A localised heat (hot-bonding) process is used to create a strong thermoset bond and cure the repair under pressure, resulting in a uniform & level repair with only the minimum of finishing required. The repair becomes fully integrated with the original structure.

We use proprietary localised hot bonding equipment and techniques rather than using an oven for your complete frame. Total immersion of bike frame in a commercial oven for curing the carbon fibre repair risks further damage due to different thermal expansion rates of metal and carbon fibre and potential paint discolouration and damage to thermal graphic transfers.

Tech talk: Carbon Fibre Bike Construction


Your Carbon Fibre bike frame, tube or part is made up of many different layers of carbon fibre and epoxy resin. The direction & orientation of each layer decides the structural properties of the product. Having many different layers helps take loads coming from different directions, so you can design the material to be strong in the direction that the product needs to be while being as light as possible.

When we repair your bike matching the existing layup of the repair area is therefore important to retain the designed characteristics of the bike, i.e. seat stay may be designed to flex or the top tube needs to have torsional stiffness.


There are two main methods to produce the carbon fibre composite - use of pre-preg carbon fibre or wet layup of carbon fibre.


The thermoset resin is impregnated into the carbon fibre by the manufacturer in a controlled environment. In this controlled environment, the resin has the viscosity of water, this ensures the fibres are “wet out” soaked in resin and not just coated.

The exact/ optimal fibre to resin ratio is achieved 33% resin to fibre (no excess resin required). Which gives the product the best strength to weight ratio. This is why bikes, formula one cars, planes and any other quality carbon fibre product is made using this material and method. It costs more but is roughly 70% lighter than wet carbon fibre of the same strength characteristics.

Thermoset resins in pre-preg re-soften (Glass Transition Temperature Tg) at a higher temperature – 120 Degrees Celsius.


Traditional hand / wet layup is when a dry fibre/ fabric is used and is wet out with a two-part room temperature cured (chemical reaction) resin. The maximum strength properties of the composite material in wet/ hand layup cannot be reached due to 50% resin content being the best that can be achieved. This means that the finished composite weight is 50% fabric and 50% resin.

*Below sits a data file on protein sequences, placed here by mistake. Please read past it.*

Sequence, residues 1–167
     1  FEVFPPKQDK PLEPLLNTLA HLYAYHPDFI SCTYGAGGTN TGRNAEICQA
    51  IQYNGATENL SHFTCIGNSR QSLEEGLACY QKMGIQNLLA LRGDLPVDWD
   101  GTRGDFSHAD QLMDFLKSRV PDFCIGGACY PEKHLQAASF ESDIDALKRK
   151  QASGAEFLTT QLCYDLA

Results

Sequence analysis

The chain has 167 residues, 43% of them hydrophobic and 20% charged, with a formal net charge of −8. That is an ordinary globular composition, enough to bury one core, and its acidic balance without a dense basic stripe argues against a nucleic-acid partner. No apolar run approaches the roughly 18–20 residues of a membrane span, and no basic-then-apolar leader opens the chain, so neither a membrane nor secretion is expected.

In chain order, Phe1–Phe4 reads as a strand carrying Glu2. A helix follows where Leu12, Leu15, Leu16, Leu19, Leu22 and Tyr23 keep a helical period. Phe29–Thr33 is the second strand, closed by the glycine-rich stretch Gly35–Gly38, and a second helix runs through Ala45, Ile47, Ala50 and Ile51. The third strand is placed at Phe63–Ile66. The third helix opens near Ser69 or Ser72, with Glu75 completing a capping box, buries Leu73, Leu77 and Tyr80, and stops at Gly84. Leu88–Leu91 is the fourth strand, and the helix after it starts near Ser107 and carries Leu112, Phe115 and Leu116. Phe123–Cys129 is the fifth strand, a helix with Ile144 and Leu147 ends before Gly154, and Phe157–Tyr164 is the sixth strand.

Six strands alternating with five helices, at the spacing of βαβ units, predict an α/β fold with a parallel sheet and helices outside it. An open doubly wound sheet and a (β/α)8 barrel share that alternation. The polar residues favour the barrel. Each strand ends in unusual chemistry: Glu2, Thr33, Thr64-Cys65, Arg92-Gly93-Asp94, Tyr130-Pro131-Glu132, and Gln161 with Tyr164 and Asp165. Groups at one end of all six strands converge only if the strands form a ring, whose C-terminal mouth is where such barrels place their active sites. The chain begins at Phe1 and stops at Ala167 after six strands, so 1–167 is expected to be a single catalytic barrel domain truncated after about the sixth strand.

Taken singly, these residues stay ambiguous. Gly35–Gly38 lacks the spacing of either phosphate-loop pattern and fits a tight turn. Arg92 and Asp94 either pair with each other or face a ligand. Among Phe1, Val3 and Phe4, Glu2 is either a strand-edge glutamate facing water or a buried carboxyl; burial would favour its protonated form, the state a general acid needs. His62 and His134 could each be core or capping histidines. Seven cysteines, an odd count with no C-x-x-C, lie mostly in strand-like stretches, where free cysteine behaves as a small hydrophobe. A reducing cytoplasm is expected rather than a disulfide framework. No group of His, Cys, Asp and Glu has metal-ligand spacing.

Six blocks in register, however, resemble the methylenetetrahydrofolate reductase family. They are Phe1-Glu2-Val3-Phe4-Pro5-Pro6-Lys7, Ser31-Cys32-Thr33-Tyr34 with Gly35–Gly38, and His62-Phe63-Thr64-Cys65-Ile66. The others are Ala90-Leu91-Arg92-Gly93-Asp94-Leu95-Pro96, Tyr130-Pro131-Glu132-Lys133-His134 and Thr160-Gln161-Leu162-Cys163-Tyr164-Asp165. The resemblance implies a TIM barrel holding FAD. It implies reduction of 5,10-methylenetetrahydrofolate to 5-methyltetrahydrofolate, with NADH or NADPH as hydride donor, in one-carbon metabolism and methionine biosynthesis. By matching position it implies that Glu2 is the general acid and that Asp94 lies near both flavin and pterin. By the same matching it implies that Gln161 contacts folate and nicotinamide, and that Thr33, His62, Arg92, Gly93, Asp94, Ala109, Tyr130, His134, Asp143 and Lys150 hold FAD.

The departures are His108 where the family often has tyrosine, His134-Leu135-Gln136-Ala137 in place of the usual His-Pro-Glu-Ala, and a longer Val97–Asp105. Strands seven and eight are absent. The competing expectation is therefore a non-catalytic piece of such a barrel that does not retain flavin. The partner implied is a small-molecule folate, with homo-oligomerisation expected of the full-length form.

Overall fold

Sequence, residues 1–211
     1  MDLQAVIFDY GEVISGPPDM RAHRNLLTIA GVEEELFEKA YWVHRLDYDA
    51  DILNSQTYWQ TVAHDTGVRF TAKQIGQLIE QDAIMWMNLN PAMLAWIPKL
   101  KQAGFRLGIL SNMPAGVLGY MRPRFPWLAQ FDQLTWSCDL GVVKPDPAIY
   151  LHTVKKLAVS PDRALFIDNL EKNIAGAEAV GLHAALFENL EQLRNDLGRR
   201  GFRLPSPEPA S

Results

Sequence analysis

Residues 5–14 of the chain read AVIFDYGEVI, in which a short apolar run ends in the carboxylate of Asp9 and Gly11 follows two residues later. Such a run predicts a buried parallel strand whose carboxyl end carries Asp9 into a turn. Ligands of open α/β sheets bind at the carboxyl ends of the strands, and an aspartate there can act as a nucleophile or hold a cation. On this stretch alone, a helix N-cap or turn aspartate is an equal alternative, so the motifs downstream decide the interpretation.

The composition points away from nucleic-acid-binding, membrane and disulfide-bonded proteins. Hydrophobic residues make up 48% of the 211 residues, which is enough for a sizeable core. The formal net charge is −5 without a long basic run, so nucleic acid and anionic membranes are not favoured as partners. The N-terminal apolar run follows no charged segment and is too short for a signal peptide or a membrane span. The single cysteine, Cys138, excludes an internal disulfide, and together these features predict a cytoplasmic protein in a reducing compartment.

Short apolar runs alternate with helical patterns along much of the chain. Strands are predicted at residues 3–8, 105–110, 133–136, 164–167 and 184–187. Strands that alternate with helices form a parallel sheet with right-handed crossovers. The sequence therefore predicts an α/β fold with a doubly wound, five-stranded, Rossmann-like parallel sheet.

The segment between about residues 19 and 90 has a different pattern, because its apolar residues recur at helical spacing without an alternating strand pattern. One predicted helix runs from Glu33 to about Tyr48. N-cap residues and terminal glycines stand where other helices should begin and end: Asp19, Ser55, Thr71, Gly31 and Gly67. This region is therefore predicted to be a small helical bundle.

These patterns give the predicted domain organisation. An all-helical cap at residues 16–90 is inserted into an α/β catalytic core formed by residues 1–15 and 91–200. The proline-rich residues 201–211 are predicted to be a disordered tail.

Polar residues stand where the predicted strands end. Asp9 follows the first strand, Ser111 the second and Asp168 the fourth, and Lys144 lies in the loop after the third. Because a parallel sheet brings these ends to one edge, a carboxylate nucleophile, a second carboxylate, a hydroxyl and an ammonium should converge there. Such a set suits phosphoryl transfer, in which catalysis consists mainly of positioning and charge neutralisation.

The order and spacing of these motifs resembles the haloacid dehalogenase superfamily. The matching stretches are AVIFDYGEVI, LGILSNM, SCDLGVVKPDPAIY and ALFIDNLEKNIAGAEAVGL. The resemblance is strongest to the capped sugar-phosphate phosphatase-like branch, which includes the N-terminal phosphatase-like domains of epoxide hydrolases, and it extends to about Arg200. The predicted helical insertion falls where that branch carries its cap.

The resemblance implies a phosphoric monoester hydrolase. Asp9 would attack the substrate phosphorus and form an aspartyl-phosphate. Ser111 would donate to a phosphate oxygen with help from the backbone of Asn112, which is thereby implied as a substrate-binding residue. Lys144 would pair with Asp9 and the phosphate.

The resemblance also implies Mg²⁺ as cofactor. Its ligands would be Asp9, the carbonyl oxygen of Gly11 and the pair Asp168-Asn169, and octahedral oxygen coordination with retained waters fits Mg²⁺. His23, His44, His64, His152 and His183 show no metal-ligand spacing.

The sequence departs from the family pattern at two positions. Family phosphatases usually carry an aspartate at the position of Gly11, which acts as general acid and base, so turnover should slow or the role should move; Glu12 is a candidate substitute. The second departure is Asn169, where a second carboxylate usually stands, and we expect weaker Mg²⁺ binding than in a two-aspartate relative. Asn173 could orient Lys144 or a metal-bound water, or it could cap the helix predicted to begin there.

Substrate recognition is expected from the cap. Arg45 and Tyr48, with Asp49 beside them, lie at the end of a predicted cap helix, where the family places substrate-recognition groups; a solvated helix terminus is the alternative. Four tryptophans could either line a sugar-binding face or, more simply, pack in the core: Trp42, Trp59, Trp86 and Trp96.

Typical hand laminates, even when vacuum bagged, end up with a significant amount of excess resin. Excess resin increases the brittleness and reduces overall properties. On the other hand, most pre-pregs contain around 33% resin. This is the ideal resin to fibre ratio for optimal strength/ stiffness/ lightweight properties and generally impossible to achieve in normal wet/ hand lamination.

Wet lay-up resins used in hand layup re-soften (Glass Transition Temperature Tg) at a lower temperature – 80 Degrees Celsius.

​Searching for Carbon Fibre Repair on the internet often results in products advertised for DIY carbon fibre repair, which includes a little jar of resin. This is a wet layup technique and should not be attempted by the home user. There are lots of videos of people who have repaired their own bikes, but this is a recipe for disaster. We don't recommend you ever do this. Talk to us - we are experts in carbon fibre repair.


  1. It is what the frame was originally made from.
  2. Superior mechanical properties – resin to fibre ratio.
  3. Will not re-soften in a hot car.
  4. Takes out the human factor of mixing resins and hand wet out/ excess resin.
  5. You can be much neater and more precise with pre-preg.
  6. Lighter and stronger as per original – resin to fibre ratio.
  7. No extra material needed so the shape of your frame can be retained. No bulge or over wrap.
  8. DIY kits using wet layup bought on the internet will not deliver a safe or reliable result.